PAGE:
My friends started calling as soon as the news broke about the Amtrak derailment in Washington state.
They worried I would suffer flashbacks to the horrible night in May 2015 when Amtrak 188 derailed near Philadelphia. I was one of the "lucky ones"; unlike the woman right behind me, the midshipman two rows ahead and six others, I lived. I "only" had scratched corneas, broken ribs, and a damaged knee.
In some ways, flashbacks are appropriate because the similarities between the two derailments are eerie: In both, the trains were going much too fast. In both, positive train control (PTC) safety systems could have prevented the accidents by automatically slowing down the trains. In both cases, PTC systems had already been installed on the tracks. And, in both cases, they hadn't been turned on yet — because the deadline for installing them hadn't been reached and Amtrak balked at spending money on safety until it absolutely had to do so.
I did have flashbacks, but they weren't to the accident. I flashed back to Amtrak's responses afterward, which were appalling — a combination of callous indifference and phony promises to reform. And to the response of Congress, equally appalling, which was both to delay PTC requirements that would prevent these disasters and to limit Amtrak's liability to compensate its victims when disasters occur.
The National Transportation Safety Board has been recommending PTC for 45 years, but it took a head-on train collision in 2008 in California that killed 25 people and injured more than 100 to get Congress to move. Responding to that disaster, Congress gave major railroads more than seven years, until the end of 2015, to install PTC systems. Had the requirement been in place eight months earlier, Amtrak would have turned on its PTC system, Amtrak 188 wouldn't have derailed, I would still have my knee, and eight people would be alive.
Sadly, the response of the railroad industry to the Philadelphia disaster was not to install PTC, but to delay it. Railroads complained about the costs and threatened not to run their trains unless Congress pushed the deadline to 2018. Congress caved completely, allowing railroads to defer PTC without penalty. Congress even allowed an additional loophole: If railroads "showed progress," they didn't have to start using PTC until 2020.
The first thing that Amtrak Cascades 501 victims and their families will likely learn, as we did, is that this accident didn't have to happen. But the bad news doesn't stop there, because in 1997, Congress also decided to cap at $200 million the total compensation that Amtrak and other passenger railroads must pay when their negligence leads to an accident. This means that the costs of major accidents are sometimes borne not by the negligent railroad, but by its victims. One judge applying this cruel law in another case said, "There just wasn't enough money … what was given to one victim had to be taken from another." He described the process as a daily exercise in "Sophie's Choice."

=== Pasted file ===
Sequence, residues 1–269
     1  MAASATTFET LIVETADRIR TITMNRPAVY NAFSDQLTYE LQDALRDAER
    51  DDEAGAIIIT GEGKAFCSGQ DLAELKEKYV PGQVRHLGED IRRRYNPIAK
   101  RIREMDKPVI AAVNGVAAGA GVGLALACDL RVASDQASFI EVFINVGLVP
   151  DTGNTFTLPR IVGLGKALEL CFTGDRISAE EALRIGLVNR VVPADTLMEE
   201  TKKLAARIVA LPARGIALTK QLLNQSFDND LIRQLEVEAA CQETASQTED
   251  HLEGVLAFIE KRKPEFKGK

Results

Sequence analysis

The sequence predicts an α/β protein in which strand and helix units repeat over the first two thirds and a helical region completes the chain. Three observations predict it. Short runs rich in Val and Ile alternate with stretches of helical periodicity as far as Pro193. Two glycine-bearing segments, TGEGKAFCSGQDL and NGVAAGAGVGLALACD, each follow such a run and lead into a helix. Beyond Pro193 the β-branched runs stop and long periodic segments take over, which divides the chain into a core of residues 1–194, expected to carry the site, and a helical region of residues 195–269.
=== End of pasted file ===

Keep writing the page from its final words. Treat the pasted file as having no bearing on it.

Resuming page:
That's what happened after the Amtrak accident in Philadelphia. Congress raised the cap to $295 million, but that was far from sufficient to compensate the eight families who lost loved ones and the 200 passengers who suffered life-changing injuries. Amtrak ended up paying only a fraction of the damage it had inflicted. The victims ended up bearing a large part of their own medical costs and lost wages. Meanwhile, Amtrak's chief executive — who ran what the NTSB described as a railroad lacking a "safety culture" for eight years — retired without so much as a slap on the wrist.
My heart goes out to the victims of Amtrak Cascades 501. They deserve better than what we experienced after Amtrak 188. Sadly, the responses from Washington thus far aren't encouraging. President Trump, ignoring the sharp cuts to Amtrak's funding that he proposed this year, used the tragedy instead to talk about an infrastructure program he has yet to propose — despite the fact that the tracks had been refurbished and the train was new. Congress, for its part, now makes statements about the need for PTC, but they do not mention that they delayed requiring it and that more people have died as a result.
For the victims of the crash near Seattle, it's far too late to promise better safety controls. But it's not too late to eliminate the liability cap and to say that government-funded railroads should be responsible for their actions and that the victims of Amtrak's negligence should get the full protection of the law.
Joshua Gotbaum is a guest scholar in economic studies at the Brookings Institution. He wrote this for the Washington Post.